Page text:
A Transform Scotland report published today confirms that residents are firmly in favour of a new tourism levy, although some businesses oppose it. Almost everyone asked knew about the possible £2 a night levy, and 42% of those asked want the council to use the funds to invest in infrastructure.
Among the findings in the survey there was a majority of 69% of Edinburgh residents who say they are impacted by tourism frequently. 87% said they thought more could be done to manage tourism and 78% believe that the tourist tax is a good way to do that.
The report author, Poppy Marples, said: “TVL schemes are widespread across Europe, being in operation in 19 countries, and in our report we highlight the schemes in operation in Amsterdam, Dubrovnik, Florence and Geneva.
“In Edinburgh, there is now strong public support for The City of Edinburgh Council’s proposals, and we conclude that it is now imperative for the Scottish Government to swiftly come forward with legislation to enable Local Authorities to implement TVL schemes that are appropriate to the local circumstances across Scotland. We note that while Edinburgh has an overheated tourism sector, there are other parts of Scotland where a TVL may not be appropriate.
“We are not persuaded by the hostility from the hospitality industry towards TVL proposals. We have seen no evidence that a TVL scheme in Edinburgh at a rate of £2.00 would impact on visitor numbers, and nor would we expect a charge less than the price of a coffee to have any impact on demand. In the report, we note that Florence has experienced further growth in visitor numbers since the introduction of a TVL scheme in 2011.”
Colin Howden, Director of Transform Scotland, said:”There is global concern about the impacts of tourism, from fuelling the growth in aviation emissions, to the impacts that large tourist volumes have on fragile historic environments and ecosystems.
“The volume of tourism is having severe impacts on Scotland’s transport system. During Edinburgh’s festivals, our bus network now routinely grinds to a halt. So it’s clear that something needs to be done to tackle the impacts of tourism in Scotland.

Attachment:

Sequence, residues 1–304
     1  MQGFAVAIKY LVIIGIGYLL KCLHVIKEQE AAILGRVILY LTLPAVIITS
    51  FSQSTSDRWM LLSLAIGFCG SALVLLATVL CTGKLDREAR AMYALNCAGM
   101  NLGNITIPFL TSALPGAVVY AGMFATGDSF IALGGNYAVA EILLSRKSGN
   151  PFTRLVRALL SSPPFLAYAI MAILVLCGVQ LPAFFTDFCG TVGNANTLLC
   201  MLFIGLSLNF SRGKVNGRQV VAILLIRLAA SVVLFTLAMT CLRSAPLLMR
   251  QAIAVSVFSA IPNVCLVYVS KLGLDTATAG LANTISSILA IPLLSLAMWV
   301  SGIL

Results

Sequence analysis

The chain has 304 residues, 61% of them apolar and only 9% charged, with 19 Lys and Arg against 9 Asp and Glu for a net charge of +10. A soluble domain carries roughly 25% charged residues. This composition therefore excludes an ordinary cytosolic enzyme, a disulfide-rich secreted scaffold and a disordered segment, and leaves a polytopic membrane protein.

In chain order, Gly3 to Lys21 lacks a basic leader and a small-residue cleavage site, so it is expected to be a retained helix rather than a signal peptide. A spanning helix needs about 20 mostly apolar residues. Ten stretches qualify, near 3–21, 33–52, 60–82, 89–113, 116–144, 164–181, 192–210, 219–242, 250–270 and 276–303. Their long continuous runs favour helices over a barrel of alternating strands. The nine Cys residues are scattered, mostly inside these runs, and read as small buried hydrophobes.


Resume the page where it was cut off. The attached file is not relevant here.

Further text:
“Our report takes forward the debate on the Edinburgh TVL proposal by presenting additional public opinion on how the revenue from the scheme should be invested. We believe that a significant proportion of the TVL revenue should be invested in improving the City Centre public realm and in supporting public transport services.”
Council Leader Adam McVey said: “Time after time, the evidence points to strong and growing support for a visitor levy in Edinburgh and this latest poll backs up our own survey results.
“It’s welcome to receive so much support from Transform Scotland and their findings suggest 93% of people are already aware of our proposals to bring forward the UK’s first ‘Tourism tax’.
“I agree that revenue raised by a levy should be re-invested into managing and supporting sustainable tourism and its impacts to the benefit of our residents. That’s something we’ll fully map out with those in the industry, our partners and resident groups.
“We need to remember too that our economy needs tourism – the industry supports 35,000 jobs and generates £1.5bn every year – but in order to remain a global destination, we need to continue to invest in the areas that make Edinburgh the success story it is. We’re already reviewing the way the city meets the challenges of tourism and ETAG’s consultation on a new tourism strategy for Edinburgh has been extended until 15 December. I urge everyone with an interest to take part.”
Sarah Boyack MSP said : “The city centre and its residents have been under increasing pressure from over-commercialisation of our city centre for years now. This report states what we know to be true: that more care must be taken when planning events, and that the council must begin listening to locals when it comes to the huge impact that poorly managed tourism can have on their environment.
“The money raised from the Transient Visitor Levy will raise a £13.6m each year, and provide crucial investment in desperately-needed cheaper, greener transport solutions.”
The Lothians MSP pointed out that Transform Scotland’s report has urged the Government to legislate to provide Scottish Local Authorities with discretionary powers to develop their tourist taxes.
Ms Boyack added : “Local authorities need the power to be able to tailor the levy to their particular needs, and such a move cannot come fast enough for Edinburgh.”